ESBA lobby on the General Data Protection Regulation
On 25 January 2012, the European Commission presented a proposal for a General Data Protection Regulation (GDPR) and a proposal for a Directive concerning the processing of personal data for the purposes of prevention, investigation, detection or prosecution of criminal offences or the execution of criminal penalties. The GDPR regulation was regarded at being long overdue, as the current rules originated from the late 1990s. Needless to say that, given the technological developments and the way in which we handle and process data, there was much support for a modernization of the corresponding regulations. Moreover, the revision came at a time where governments were accused of spying and Tech giants were under scrutiny for failing to properly handle consumers’ personal data. Personal data were being sold on to third parties for targeted advertising and other arguably intrusive purposes. The latter gave the proposal not just a political but an emotional charge, as most individuals who use the internet will have felt violated in their privacy on one or more occasions due to data harvesting and consecutive targeted practices.
We would argue that the proposal was written to curb such practices and, whilst accepting that data flows relatively freely these days, there must be safeguards to prevent abuse and to protect both the consumer and the citizen. The European Commission, however, understood that these safeguards must not create unnecessary regulatory and administrative burdens on businesses that are highly unlikely to pose a threat in this context. More specifically, the Commission intended to exempt Small and Medium Sized Enterprises (SMEs) from the scope of the proposal, except in cases where a small business would process (sensitive) data as a core activity. For the European Small Business Alliance (ESBA), two important examples of potentially burdensome and costly requirements were the obligation to undertake expensive and administratively heavy Impact Assessments as to how a small business processes its data, as well as the obligation to employ a data protection officer, which had been calculated to cost anywhere between 40.000 and 80.000 Euro per annum. One could argue that, notwithstanding its potentially small size, for an insurance company or a call center, holding a large amount of potentially sensitive data, such as medical files, credit card information, etc, having a data protection of office might be justified. For the vast majority of small businesses however, it is not. It is extremely unlikely that a butcher, a baker, a shopkeeper or a small service provider will hold sensitive data, let alone abuse that data or sell it on to third parties. The majority of EU SMEs (92%) are micro companies, with fewer than 10, in most cases 3 or 4. Not only is the nature of these businesses not such that they would abuse customers’ data or even hold sensitive data, the nature of the business is also such that the turnover will relatively low and the business owner is responsible for most if not all aspects of the business. There is no IT department, no legal or accounting department of HR division. Asking these businesses to undertake time-consuming impact assessments and hire expensive data protection officers would be unreasonable and unnecessary. ESBA understood this and so did the European Commission.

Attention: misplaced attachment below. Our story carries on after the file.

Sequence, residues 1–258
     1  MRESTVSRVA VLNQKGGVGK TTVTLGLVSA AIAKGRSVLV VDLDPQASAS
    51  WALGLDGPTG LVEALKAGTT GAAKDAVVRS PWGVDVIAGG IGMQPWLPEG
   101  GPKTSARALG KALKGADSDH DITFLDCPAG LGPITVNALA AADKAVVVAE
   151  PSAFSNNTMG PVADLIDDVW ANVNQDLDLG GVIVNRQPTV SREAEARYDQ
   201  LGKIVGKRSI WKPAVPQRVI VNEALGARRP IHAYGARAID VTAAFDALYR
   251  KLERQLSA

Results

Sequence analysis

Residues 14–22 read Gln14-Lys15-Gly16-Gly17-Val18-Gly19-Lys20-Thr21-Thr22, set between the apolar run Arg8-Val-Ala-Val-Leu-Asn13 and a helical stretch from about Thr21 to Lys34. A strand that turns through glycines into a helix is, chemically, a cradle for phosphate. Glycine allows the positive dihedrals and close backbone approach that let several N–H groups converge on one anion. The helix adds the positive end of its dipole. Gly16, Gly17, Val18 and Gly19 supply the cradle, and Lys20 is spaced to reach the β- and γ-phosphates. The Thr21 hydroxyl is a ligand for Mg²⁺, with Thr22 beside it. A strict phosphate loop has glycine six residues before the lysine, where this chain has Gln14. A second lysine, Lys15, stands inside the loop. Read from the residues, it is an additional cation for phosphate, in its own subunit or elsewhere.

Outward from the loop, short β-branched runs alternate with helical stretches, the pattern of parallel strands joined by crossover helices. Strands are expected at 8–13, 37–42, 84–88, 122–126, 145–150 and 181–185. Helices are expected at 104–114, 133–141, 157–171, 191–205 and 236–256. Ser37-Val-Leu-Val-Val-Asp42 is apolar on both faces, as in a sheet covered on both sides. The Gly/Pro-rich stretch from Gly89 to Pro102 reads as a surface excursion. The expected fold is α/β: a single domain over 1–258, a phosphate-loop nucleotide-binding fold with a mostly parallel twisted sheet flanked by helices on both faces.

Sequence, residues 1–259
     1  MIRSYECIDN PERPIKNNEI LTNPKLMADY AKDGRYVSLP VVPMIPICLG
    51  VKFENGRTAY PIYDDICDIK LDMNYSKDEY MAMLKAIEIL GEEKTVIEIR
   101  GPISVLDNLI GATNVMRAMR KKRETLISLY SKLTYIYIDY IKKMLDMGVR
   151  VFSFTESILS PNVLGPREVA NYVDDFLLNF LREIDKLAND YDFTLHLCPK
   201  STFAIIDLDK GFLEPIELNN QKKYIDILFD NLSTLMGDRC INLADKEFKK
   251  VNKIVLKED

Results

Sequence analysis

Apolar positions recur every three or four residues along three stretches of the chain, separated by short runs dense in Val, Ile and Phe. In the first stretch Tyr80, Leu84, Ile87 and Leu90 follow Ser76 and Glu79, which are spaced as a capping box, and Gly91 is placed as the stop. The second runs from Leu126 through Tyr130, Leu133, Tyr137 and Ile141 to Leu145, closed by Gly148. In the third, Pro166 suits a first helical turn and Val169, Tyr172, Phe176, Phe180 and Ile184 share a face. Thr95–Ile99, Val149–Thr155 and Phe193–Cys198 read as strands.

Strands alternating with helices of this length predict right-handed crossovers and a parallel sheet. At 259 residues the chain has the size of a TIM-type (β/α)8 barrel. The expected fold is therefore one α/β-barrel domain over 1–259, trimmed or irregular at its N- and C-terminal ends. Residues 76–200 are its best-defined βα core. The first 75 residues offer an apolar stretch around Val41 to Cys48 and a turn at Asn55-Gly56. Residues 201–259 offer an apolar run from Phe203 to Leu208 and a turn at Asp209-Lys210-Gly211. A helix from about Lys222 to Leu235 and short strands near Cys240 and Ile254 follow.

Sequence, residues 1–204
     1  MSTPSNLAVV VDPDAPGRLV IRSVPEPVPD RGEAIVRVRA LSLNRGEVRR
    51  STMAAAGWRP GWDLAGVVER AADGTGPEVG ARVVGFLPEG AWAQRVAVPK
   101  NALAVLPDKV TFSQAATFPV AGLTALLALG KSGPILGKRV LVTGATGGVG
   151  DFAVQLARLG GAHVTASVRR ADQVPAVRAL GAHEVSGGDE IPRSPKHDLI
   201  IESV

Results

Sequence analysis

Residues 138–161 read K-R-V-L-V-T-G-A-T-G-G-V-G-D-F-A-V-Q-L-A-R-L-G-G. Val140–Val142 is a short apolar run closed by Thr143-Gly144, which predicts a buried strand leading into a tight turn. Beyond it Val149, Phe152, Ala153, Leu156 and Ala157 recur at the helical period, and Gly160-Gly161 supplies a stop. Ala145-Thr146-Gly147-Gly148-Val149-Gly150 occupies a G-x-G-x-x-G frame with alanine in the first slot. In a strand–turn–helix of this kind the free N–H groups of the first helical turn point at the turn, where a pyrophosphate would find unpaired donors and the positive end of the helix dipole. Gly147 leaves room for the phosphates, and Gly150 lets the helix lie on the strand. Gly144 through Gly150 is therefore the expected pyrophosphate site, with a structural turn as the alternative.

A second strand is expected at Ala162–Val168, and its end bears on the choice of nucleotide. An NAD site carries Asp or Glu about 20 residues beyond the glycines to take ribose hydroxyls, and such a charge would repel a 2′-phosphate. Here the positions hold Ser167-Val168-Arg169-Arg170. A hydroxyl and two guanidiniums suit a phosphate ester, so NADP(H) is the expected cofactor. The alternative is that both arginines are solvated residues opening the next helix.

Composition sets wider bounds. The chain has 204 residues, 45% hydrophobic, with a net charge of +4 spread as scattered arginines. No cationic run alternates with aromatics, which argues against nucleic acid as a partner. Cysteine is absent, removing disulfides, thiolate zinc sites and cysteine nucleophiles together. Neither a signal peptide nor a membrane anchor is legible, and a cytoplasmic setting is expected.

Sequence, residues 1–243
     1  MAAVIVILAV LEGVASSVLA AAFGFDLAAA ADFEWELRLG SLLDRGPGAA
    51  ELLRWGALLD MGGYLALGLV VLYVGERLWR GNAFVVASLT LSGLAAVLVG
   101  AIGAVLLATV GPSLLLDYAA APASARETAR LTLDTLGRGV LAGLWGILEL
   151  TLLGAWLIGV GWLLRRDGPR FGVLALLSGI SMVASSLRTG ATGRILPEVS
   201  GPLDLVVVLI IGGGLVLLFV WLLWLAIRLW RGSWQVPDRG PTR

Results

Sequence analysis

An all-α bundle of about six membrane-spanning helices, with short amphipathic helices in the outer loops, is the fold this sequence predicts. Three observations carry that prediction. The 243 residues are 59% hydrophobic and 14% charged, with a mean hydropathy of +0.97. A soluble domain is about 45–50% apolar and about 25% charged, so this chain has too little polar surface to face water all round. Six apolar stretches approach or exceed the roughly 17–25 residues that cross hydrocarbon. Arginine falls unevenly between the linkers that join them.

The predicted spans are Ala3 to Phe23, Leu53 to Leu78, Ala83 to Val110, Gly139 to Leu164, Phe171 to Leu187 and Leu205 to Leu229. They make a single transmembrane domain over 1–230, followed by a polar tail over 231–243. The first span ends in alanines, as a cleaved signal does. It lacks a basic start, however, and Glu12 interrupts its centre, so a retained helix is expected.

When the proposal reached the European Parliament, however, the Rapporteur decided to delete the exemption for non-data driven SMEs and include all businesses in the scope of the proposal. In other words, the aforementioned micro companies would now face having to comply with measures that were not intended for them and that could potentially put them out of business. The European Small Business Alliance lobbied hard to reinstate the exemption in the European Parliament’s report, supported by a rapporteur for opinion in the file and a number of other champions within that institution. All classic lobbying tools were used – from one to one meetings in Brussels to position papers and strategic moments, articles in the press, events in the Parliament in Brussels and own publications – to the formation of an industry alliance to state our case. As the issue affects virtually every individual in some way of form, many MEPs formed their own opinion, rather than aligning with their parties. ESBA therefore traveled to Strasbourg to speak to as many MEPs possible during Strasbourg week. Against all expectations, the deletion of the exemption still survived the first reading in the European Parliament and was adopted in Plenary. Our focus now needed to shift to the Trilogue negotiations. By utilizing our members to bring our concerns to their national governments and by using our extensive network in Brussels within the European Parliament, Commission and Council, we were able to convince the right people at the right moments of the potential dangers of the Parliament’s report and the deletion of the exemptions. On 15 December 2015, the European Parliament, the Council and the Commission reached agreement on the new data protection rules, including the re-introduction of the exemptions for non-date driven SMEs. On 8 April 2016 the Council adopted the Regulation and the Directive. And on 14 April 2016 the Regulation and the Directive were adopted by the European Parliament.